The Simplest Way to Make Pour-Over Coffee
Check out our smart how-to on this trendy coffee technique.
Have you been wondering about the pour-over offerings at Starbucks (or your local coffee house)? It costs more, it takes longerâ€¦ so why would anyone order it?
Experts say this methodâ€”in whichÂ hot water is slowly poured over a single serving of freshly ground coffeeâ€”results in a better-tasting brew because, unlike standard drip, the water-to-coffee ratio is exactly right. And when done pain-stakingly right, pour-over is supposed to help extract flavor more nuances of your favorite beans.
I love a well-brewed cup of coffee, but for me, the transition to pour-over happened for a less lofty reason: Iâ€™m the only coffee drinker in my house. My 6-year-old is obviously too young to be interested, and my husband, much to my continuing dismay and disbelief, is not a coffee drinker. (It was hard to even type that sentence.) Since I drink only 1 cup a day, brewing a whole pot, or 1 cup in a large pot, didnâ€™t make sense.
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After much trial-and-error, I landed on pour-over, and Iâ€™ve never looked back.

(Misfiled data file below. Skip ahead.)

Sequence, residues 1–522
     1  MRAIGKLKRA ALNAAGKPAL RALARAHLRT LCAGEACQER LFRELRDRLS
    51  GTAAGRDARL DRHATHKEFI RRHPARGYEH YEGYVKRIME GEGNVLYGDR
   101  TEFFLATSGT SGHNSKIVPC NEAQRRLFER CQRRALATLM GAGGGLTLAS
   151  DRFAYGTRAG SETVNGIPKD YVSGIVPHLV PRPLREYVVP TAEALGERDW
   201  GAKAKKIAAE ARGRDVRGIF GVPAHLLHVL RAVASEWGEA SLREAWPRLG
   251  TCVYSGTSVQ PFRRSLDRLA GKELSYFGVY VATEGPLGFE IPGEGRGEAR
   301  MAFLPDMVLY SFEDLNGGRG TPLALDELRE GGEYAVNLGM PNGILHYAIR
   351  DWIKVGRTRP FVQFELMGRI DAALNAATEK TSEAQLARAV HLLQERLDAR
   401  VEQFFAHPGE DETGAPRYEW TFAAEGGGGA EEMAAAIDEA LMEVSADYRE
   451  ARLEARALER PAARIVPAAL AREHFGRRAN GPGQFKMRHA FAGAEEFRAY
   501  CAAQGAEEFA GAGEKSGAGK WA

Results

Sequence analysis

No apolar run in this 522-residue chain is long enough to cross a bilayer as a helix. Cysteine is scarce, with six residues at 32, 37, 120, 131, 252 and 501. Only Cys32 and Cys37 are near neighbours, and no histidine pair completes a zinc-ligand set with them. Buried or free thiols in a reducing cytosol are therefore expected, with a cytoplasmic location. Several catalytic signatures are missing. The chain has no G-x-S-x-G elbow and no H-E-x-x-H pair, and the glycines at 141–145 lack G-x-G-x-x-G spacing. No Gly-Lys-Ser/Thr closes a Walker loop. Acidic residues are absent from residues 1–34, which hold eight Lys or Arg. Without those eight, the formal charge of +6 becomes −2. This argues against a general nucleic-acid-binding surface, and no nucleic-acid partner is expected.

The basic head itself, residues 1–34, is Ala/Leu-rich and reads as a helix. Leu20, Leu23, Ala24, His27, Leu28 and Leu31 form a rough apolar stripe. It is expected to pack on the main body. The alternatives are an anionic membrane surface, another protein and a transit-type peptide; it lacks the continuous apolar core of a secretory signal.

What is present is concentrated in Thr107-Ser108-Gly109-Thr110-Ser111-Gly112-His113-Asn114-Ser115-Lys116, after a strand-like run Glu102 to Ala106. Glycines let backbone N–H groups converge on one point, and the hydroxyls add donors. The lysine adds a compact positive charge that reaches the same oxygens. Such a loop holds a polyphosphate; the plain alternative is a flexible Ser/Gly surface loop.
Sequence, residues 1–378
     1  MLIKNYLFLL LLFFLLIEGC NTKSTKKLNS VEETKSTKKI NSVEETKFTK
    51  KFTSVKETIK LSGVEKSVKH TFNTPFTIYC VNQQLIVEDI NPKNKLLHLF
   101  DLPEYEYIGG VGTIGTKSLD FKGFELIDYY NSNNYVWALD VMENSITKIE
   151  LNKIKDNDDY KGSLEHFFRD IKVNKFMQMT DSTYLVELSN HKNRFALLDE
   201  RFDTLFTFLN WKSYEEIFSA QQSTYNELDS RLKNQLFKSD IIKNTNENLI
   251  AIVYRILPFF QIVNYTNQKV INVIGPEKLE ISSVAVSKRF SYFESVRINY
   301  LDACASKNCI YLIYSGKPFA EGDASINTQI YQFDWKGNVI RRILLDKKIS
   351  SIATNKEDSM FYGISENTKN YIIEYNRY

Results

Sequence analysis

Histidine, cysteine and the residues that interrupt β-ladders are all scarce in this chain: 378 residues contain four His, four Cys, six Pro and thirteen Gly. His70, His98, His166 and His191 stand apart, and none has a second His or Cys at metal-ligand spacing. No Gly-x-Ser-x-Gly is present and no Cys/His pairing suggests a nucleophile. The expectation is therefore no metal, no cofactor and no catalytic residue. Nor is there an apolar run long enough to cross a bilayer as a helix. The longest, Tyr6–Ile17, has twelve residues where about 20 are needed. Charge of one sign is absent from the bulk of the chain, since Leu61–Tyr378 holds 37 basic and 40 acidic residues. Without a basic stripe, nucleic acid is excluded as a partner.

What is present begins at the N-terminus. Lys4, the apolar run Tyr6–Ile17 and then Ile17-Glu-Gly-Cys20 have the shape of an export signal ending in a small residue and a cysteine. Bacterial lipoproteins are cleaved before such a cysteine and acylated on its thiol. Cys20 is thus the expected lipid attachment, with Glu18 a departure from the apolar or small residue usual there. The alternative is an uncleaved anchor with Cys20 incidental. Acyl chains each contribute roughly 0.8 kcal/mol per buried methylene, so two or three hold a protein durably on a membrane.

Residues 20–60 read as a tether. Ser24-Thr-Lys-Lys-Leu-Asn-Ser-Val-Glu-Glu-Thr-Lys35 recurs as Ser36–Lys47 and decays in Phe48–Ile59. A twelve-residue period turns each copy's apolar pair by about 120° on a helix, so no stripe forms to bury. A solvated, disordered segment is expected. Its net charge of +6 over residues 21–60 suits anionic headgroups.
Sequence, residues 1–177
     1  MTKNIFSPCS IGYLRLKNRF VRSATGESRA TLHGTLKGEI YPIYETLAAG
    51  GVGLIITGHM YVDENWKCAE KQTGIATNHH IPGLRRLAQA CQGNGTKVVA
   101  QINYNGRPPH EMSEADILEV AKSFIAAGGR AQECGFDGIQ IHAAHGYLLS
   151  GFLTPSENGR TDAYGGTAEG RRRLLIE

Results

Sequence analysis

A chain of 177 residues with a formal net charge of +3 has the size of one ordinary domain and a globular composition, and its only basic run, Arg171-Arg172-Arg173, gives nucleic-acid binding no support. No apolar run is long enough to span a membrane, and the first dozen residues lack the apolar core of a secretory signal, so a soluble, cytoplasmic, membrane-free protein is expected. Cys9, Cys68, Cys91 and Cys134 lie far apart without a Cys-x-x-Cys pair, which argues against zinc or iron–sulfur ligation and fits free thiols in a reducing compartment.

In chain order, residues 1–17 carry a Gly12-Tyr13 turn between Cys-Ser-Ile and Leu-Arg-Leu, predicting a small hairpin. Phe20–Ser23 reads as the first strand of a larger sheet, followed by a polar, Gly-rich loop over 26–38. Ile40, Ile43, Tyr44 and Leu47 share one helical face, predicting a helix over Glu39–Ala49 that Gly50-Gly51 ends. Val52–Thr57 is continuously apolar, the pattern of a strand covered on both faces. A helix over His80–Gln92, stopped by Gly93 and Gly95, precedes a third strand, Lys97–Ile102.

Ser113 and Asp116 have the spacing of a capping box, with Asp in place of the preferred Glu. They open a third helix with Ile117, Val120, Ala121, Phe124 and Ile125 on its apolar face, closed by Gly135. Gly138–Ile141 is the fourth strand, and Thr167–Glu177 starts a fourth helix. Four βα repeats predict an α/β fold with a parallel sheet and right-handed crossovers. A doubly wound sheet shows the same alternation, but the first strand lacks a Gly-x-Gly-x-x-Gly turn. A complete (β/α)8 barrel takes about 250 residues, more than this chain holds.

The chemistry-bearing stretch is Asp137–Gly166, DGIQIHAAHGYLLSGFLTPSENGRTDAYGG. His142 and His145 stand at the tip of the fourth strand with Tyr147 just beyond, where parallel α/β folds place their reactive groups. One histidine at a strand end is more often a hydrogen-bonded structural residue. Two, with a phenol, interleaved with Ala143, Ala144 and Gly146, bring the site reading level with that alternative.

True coffee purists will note my edits to this process (and probably judge me for it.) But I've found this is what works best for meâ€”and I stand by it. Here's how it's done.
Grind the coffee
I use a hand-crank Burr grinder ($20, amazon.com) because I think the coffee comes out better, and thereâ€™s something satisfying about grinding it by hand. (Plus, I get a quick little arm and shoulder workout in, first thingâ€”no joke.) But you can skip this step and use pre-ground or make it quicker by grinding yours in an electric grinder.
Transfer it to a filter
Because I use a porcelain Hario ceramic coffee dripper ($17, amazon.com),Â I use their paper filters ($7, amazon.com), too. You can buy other drippers, of course, but I prefer not to use plastic, and I think the coffee tastes cleaner with these filters than others Iâ€™ve used. Once the coffee is in the filter in the cone, give it a little shake to even out the grinds.
Heat up the water
Do this while grinding the beans. Hereâ€™s where I deviate from the die-hards. A true coffee expert would tell you to use a special kettleÂ with a thin spout for precise pouring. I just use my regular kettle; the same one my husband uses for (gasp!) tea.
I also skip the step of warming up the cup.
Time to brew. Pour in just enough water to wet the grounds, then let it stand for 30 seconds to a minute. This allows the grounds to â€œbloom,â€ resulting in more even coffee extraction for the rest of the brew (youâ€™ll see the grounds kind of puff up slightly). After the bloom, continue pouring, a bit at a time (just cover the grounds, donâ€™t fill the filter all the way), until your cup is brewed.
Then, fix it however you like, and enjoy.
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